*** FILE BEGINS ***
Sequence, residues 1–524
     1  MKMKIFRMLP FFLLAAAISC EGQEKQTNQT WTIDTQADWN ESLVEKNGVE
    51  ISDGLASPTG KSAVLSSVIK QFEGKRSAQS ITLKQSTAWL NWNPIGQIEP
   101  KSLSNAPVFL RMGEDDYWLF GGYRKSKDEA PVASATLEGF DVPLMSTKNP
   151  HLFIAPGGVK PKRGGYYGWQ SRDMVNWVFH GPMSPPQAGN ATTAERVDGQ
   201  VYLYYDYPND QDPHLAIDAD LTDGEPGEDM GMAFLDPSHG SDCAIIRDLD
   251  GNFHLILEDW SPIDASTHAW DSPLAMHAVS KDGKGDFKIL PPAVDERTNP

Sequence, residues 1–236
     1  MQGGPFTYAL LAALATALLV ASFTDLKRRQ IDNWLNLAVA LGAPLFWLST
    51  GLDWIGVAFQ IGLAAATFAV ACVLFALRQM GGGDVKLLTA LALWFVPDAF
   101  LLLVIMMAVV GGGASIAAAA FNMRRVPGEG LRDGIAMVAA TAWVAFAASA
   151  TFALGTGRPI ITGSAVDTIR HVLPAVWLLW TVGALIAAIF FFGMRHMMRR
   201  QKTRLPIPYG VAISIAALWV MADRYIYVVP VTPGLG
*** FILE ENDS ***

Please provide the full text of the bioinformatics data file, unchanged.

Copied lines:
Sequence, residues 1–524
     1  MKMKIFRMLP FFLLAAAISC EGQEKQTNQT WTIDTQADWN ESLVEKNGVE
    51  ISDGLASPTG KSAVLSSVIK QFEGKRSAQS ITLKQSTAWL NWNPIGQIEP
   101  KSLSNAPVFL RMGEDDYWLF GGYRKSKDEA PVASATLEGF DVPLMSTKNP
   151  HLFIAPGGVK PKRGGYYGWQ SRDMVNWVFH GPMSPPQAGN ATTAERVDGQ
   201  VYLYYDYPND QDPHLAIDAD LTDGEPGEDM GMAFLDPSHG SDCAIIRDLD
   251  GNFHLILEDW SPIDASTHAW DSPLAMHAVS KDGKGDFKIL PPAVDERTNP

Sequence, residues 1–236
     1  MQGGPFTYAL LAALATALLV ASFTDLKRRQ IDNWLNLAVA LGAPLFWLST
    51  GLDWIGVAFQ IGLAAATFAV ACVLFALRQM GGGDVKLLTA LALWFVPDAF
   101  LLLVIMMAVV GGGASIAAAA FNMRRVPGEG LRDGIAMVAA TAWVAFAASA
   151  TFALGTGRPI ITGSAVDTIR HVLPAVWLLW TVGALIAAIF FFGMRHMMRR
   201  QKTRLPIPYG VAISIAALWV MADRYIYVVP VTPGLG